When you're in a place and you're hungry, fearful, and that place is beset with turmoil, democracy isn't high on ones list of priorities. Understandable I'd think. The United States and every country for that matter should deal from their own bias and interests. That doesn't mean a common bias and interest cannot be found. In fact for the most part it is found. It's called transparency.

Setting ones self up as the saviour of the world isn't a wise move. The next United States Government will spend a lot of time (I'm predicting) lowering a lot of those overly adventurous bench marks. Which won't be a bad thing.

Democracy cannot be exported?

Paul, "Nobody can export 'democracy', not the United States or anyone else for that matter.... It's never worked and it was never going to work."

Perhaps. Though German democracy staggered around a bit before finally being helped to its feet after WW2. Japan likewise.

Hopefully, things will keep improving in Iraq. When the British Guardian says things are getting better there, then you know it's really getting better, big time.

A young man growing up in the Arab world is inclined to give his primary allegiance to his tribe, or seek the patronage of some local warlord. Much the  same process took place in Europe at the start of the feudal era. Saddam Hussein's career is but an extreme example of this phenomenon.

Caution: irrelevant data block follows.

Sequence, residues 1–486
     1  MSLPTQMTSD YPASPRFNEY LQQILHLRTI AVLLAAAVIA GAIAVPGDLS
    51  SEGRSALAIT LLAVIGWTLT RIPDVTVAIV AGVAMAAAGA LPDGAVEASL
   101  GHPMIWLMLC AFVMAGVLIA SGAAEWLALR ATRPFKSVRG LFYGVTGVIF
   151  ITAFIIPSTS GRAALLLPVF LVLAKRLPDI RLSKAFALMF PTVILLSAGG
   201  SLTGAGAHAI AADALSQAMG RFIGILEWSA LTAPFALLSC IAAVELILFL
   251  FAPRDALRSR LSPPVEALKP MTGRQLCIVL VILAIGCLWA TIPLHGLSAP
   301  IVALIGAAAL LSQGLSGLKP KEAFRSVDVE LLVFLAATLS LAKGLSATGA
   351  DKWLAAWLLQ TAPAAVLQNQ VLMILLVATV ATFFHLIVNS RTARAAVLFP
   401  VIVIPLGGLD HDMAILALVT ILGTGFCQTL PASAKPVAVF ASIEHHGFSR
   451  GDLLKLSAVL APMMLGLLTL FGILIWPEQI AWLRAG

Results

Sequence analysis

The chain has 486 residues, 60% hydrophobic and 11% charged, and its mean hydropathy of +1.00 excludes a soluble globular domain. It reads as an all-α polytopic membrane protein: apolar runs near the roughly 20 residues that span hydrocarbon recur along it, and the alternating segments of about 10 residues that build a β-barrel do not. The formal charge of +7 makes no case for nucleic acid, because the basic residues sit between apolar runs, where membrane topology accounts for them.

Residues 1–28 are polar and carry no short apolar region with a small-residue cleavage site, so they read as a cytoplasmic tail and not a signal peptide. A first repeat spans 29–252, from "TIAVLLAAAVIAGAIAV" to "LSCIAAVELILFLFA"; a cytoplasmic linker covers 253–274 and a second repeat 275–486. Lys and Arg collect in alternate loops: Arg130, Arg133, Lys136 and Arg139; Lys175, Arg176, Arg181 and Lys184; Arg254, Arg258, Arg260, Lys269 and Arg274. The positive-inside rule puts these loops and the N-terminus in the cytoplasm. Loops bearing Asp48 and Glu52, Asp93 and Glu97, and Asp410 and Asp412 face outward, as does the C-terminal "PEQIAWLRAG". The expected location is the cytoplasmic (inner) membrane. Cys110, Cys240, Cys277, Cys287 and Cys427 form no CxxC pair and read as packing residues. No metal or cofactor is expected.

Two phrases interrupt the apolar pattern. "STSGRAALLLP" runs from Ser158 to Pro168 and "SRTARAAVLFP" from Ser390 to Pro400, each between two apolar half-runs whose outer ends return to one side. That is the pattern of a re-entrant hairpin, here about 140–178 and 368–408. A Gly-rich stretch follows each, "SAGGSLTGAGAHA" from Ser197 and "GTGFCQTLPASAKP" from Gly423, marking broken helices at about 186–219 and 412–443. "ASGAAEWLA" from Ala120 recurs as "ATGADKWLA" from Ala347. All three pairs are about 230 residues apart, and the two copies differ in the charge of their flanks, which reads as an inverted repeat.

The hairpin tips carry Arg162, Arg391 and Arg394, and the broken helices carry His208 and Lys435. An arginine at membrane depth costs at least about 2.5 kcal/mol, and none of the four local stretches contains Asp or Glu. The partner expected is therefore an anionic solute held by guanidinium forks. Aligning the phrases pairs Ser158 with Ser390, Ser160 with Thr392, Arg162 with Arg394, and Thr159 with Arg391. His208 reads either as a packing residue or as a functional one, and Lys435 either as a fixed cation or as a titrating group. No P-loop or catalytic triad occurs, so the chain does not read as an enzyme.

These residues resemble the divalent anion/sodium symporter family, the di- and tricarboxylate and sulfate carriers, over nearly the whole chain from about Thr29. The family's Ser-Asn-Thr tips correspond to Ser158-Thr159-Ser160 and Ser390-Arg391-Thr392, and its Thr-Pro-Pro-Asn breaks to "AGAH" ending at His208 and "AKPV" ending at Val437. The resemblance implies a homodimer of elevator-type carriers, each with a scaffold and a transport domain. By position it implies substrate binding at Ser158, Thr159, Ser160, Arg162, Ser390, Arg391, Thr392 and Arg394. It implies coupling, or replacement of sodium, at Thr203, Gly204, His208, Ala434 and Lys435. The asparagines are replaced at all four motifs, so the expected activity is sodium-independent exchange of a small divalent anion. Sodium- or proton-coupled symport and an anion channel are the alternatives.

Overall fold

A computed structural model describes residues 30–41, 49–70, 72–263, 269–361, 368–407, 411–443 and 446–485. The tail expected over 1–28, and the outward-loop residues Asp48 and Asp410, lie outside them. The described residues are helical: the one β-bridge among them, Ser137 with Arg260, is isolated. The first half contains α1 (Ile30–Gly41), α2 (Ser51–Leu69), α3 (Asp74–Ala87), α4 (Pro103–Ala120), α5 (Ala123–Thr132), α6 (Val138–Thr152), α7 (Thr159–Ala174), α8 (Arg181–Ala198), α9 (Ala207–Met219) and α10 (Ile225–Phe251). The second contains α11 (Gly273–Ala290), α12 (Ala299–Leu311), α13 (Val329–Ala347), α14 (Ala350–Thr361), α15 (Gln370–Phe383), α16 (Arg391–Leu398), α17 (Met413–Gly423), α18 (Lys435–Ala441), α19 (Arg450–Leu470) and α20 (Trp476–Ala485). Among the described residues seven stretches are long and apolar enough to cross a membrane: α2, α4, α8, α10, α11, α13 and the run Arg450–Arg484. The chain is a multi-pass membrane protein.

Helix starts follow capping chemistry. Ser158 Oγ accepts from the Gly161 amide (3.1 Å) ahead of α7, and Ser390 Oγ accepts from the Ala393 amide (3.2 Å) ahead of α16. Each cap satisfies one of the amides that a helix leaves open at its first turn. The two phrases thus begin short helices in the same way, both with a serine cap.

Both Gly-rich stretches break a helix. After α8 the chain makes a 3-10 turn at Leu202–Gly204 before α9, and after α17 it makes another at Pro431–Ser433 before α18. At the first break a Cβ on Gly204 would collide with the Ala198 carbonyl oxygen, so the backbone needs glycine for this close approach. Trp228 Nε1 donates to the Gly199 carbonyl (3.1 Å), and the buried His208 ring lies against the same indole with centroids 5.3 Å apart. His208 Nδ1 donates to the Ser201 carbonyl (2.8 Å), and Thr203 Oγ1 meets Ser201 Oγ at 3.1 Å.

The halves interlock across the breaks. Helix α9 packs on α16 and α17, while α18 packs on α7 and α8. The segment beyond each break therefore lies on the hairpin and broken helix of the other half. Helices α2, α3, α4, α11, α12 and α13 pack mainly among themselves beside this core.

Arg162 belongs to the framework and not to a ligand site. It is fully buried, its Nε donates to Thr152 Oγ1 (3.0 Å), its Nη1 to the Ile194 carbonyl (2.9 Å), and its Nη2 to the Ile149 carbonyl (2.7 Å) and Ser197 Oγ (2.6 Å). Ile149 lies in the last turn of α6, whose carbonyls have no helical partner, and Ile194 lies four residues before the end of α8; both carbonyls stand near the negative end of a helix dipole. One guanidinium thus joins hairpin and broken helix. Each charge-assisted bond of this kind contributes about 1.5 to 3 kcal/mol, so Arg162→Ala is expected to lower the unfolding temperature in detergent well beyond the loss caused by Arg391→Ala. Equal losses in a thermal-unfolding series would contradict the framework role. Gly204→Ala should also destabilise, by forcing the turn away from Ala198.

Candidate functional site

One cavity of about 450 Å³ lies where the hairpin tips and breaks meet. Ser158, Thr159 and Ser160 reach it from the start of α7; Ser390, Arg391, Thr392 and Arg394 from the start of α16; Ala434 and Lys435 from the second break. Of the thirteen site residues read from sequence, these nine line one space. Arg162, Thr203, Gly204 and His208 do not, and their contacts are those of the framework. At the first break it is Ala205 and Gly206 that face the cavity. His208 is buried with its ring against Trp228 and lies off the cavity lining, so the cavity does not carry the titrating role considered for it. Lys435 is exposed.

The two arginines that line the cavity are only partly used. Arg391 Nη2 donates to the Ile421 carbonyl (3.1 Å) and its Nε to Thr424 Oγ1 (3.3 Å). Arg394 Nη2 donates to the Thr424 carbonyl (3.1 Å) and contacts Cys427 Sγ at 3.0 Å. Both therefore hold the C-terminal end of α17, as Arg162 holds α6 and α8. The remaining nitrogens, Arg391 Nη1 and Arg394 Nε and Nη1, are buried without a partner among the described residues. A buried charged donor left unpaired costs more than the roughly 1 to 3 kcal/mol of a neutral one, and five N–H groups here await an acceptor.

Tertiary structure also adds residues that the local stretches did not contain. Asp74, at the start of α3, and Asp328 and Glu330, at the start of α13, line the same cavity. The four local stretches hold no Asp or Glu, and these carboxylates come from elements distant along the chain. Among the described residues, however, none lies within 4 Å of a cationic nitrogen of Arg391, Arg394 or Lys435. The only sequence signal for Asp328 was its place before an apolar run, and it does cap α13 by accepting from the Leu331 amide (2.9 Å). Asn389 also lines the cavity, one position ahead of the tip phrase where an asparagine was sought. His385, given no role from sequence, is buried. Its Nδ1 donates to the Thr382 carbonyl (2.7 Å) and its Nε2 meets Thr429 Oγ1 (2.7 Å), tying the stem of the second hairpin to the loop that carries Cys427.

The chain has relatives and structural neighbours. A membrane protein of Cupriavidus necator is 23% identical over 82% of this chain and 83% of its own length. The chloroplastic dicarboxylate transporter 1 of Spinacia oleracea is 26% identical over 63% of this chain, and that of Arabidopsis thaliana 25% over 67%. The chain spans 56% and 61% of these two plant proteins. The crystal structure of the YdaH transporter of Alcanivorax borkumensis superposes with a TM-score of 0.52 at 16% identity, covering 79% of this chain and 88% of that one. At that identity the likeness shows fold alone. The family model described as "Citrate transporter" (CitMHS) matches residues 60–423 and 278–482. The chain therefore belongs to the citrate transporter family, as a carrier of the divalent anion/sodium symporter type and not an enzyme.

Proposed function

European history is of numerous small princes giving way to larger ones and then centralised monarchies, which as time progressed became constitutional (Britain, Scandinavia, Holland, Spain) or elected (the US, France, Germany, Russia), with most real power passing to elected governments as the economies became more complex. Occasionally, attempts are made to restart feudalism (eg the Chicago Mafia, Russia), but in the modern industrial context are marginal.

Iraq, for all its chaos, may emerge as the first genuine democracy in the Arab world. Which will mean likely hostility from all other Arab regimes. Iran and Iraq may form a partnership in future in which each assists the other in this regard.


Democracy at the point of a gun

Anthony, I think you are correct: democracy cannot be exported. It certainly cannot be imposed by an invading army. It takes a cultural change; religion is nearly always anti democratic. Most religions say it is "my way or no way" God said so. Why is that an atheist could never become the president of the United States?

Religion does unite people and often makes them so sure of their convictions that they are willing to die and kill to force their opinions on to others. Religious leaders use religion as a tool to control the uneducated masses. It is almost impossible to force one to change religion at the point of a gun.